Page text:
COVID-19 and the Underlying Symptoms of African Economies

Ugandan development expert Fred Muhumuza wonders if the monies from debt relief will be channeled to those in need.

Marktstand auf dem Kampala Markt

Image: of Stuart Tibaweswa Selling your greens under lockdown after sleeping in Nakawa Market, Kampala, Uganda.

One fact about the COVID-19 pandemic is its impact on persons with underlying conditions that undermines even the best medical efforts. This is also true for many Africa economies that have underlying weaknesses in service delivery and have failed to utilize local and foreign resources to realize inclusive growth, thereby fueling discussions on how best to effectively channel development aid. Most of the countries have glaring deficiencies in their politics and policies that have resulted in institutional weaknesses, corruption and bad governance. The continent is yet to create political structures and economic systems that identify development priorities and design the correct planning and implementation mechanisms with proper monitoring and accountability.

Towards the end of the last century, persistent poverty and vulnerability in Africa triggered approaches that went beyond mere injection of additional development finance to include reforms of government policies and institutions. Uganda, was a front runner in completing the Poverty Reduction Strategy Paper that came with a lot of debt relief under the Highly Indebted Poor Countries (HIPC) and Multilateral Debt Relief Initiative (MDRI). The underlying logic was to pool all resources (local and foreign), build the capacity of Government to plan, implement, uphold governance and human rights, and then later account to all stakeholders. Donor resources were withdrawn from direct delivery of services outside government systems, and civil society (mainly NGOs) was required to shift gears towards sensitization of communities for joint monitoring and demand for accountability. Project support gave way to budget support, which was believed to offer greater flexibility and ability to deliver jointly agreed positions.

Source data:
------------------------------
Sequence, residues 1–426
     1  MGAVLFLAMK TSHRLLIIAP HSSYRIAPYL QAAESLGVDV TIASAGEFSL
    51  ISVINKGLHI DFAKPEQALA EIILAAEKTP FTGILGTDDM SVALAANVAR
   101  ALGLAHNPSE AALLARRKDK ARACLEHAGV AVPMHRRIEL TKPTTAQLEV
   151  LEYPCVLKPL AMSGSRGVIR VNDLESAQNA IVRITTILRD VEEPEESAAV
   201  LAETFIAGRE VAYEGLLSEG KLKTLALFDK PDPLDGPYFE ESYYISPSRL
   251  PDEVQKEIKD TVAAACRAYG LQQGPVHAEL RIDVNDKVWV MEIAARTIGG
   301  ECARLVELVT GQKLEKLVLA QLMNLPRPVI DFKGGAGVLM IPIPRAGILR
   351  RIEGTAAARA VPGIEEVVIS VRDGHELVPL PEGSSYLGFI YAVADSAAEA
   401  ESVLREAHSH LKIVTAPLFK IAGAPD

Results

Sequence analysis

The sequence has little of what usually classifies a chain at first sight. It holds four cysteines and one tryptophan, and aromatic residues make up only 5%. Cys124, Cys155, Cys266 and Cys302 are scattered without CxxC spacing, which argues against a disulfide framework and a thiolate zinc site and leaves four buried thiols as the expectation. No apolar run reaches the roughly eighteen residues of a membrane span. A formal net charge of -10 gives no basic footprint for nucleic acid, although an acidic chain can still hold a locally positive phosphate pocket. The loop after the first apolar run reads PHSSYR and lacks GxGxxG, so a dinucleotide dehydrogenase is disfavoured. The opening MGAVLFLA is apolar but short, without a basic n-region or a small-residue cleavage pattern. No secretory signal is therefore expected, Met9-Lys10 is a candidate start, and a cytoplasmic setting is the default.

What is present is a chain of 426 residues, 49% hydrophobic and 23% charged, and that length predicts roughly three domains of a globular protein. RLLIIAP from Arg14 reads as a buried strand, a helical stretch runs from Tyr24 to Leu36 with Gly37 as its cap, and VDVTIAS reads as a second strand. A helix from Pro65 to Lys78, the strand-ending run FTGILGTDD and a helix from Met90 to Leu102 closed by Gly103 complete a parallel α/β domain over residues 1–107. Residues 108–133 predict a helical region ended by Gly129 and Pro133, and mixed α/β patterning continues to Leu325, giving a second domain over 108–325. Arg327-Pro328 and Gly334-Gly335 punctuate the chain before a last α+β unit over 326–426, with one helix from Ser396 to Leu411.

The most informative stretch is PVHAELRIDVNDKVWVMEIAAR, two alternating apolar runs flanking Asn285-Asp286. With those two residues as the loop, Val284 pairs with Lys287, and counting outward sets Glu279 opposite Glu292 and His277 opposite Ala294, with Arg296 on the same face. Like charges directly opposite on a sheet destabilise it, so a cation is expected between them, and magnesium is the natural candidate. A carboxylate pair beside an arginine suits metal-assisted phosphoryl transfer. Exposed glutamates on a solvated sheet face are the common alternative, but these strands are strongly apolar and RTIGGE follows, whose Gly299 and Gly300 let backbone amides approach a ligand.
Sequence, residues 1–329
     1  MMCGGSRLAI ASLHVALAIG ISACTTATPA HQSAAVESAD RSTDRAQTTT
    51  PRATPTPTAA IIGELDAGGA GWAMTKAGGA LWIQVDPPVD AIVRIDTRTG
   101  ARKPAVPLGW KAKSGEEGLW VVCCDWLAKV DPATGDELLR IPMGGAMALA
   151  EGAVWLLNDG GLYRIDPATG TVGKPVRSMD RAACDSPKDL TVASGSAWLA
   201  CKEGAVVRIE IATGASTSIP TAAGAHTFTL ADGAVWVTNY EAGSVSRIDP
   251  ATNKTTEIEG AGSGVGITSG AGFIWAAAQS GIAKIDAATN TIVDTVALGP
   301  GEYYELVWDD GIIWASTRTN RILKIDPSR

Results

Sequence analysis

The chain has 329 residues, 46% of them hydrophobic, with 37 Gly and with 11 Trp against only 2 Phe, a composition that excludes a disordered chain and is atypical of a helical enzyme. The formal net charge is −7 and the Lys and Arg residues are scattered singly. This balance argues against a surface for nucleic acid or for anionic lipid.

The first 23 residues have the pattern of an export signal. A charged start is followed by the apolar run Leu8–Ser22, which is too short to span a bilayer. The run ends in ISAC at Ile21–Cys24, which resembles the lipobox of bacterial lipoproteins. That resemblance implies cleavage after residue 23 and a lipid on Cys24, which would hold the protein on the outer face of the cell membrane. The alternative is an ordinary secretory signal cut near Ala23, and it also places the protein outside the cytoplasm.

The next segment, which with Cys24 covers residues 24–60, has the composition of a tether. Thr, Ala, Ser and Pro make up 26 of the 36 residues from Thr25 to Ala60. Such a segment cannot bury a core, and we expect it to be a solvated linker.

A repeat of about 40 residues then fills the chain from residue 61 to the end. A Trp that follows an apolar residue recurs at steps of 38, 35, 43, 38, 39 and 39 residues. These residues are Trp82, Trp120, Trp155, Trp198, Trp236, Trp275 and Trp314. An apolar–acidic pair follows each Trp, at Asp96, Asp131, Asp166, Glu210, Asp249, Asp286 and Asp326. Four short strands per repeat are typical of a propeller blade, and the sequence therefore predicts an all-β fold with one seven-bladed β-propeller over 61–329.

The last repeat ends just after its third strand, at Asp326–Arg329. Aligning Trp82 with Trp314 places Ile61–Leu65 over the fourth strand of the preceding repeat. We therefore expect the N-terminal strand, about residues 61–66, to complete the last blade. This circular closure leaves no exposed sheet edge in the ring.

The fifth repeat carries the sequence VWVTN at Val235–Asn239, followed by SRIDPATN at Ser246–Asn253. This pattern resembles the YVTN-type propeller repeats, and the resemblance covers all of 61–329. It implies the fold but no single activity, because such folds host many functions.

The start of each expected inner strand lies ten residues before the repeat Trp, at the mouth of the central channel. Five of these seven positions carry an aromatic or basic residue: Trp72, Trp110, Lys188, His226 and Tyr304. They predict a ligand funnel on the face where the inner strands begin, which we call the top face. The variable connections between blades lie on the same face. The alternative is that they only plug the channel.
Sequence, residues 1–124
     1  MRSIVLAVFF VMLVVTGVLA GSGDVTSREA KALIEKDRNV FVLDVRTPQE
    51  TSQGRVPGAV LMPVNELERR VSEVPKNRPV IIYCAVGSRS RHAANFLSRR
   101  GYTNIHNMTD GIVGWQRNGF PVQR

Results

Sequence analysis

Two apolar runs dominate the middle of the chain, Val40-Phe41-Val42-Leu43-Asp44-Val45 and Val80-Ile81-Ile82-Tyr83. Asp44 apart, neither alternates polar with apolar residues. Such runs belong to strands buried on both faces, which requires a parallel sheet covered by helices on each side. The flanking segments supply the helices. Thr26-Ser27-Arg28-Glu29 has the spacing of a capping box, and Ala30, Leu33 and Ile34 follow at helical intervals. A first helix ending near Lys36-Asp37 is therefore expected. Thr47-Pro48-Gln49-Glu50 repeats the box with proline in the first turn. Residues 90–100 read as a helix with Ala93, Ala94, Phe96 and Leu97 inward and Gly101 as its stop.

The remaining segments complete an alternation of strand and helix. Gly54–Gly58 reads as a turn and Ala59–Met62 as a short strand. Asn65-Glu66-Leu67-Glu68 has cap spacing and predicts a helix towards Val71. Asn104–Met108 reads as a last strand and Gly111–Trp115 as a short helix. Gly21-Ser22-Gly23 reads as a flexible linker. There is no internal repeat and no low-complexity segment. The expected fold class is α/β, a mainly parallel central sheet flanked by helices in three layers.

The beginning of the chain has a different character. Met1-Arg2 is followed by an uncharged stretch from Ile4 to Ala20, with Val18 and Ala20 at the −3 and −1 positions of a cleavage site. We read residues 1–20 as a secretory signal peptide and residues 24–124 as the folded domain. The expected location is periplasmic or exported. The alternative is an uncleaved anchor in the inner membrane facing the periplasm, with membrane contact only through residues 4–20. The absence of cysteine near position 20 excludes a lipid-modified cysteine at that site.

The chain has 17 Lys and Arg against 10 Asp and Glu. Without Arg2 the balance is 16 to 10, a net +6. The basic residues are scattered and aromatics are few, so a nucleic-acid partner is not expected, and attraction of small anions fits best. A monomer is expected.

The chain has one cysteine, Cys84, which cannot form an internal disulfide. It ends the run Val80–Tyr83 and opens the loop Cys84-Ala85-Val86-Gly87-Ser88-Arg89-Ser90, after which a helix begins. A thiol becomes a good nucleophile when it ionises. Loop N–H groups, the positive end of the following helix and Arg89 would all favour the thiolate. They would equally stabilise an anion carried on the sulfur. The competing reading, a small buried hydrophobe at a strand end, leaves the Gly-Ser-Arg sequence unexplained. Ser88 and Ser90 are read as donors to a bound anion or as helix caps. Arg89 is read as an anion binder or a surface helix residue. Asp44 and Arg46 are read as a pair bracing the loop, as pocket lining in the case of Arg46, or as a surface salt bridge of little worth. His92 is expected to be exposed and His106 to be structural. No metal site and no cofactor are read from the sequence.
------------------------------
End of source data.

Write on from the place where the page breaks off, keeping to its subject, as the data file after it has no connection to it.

Two decades later, the story has not changed, partly because Governments failed to live up to the task. A combination of factors including poor governance, concerns about political survival and security, corruption, and institutional weaknesses led to the diversion of money from development causes that would impact the poor. The trust and confidence of citizens and development partners was breached and eroded. Even under the pandemic stories about corruption and poor service delivery continue to dominate political and social discussions almost outcompeting the Covid-19 messages.

In Uganda, the anticipated results have been difficult to realise and/or sustain as poverty has increased from 19.7% in 2012/13 to 21.4% in 2016/17. The number of vulnerable non-poor has remained stagnant at about 43% for a decade. Underlying policy distortions and implementation challenges continue to undermine progress. Little attention has been paid to basic primary healthcare, effective provision of agricultural inputs, extension services and post-harvest handling. Instead the focus is on agro-processing for value addition in a country where 68% of the population is still trapped in subsistence farming – literally with nothing to sell to the food processors.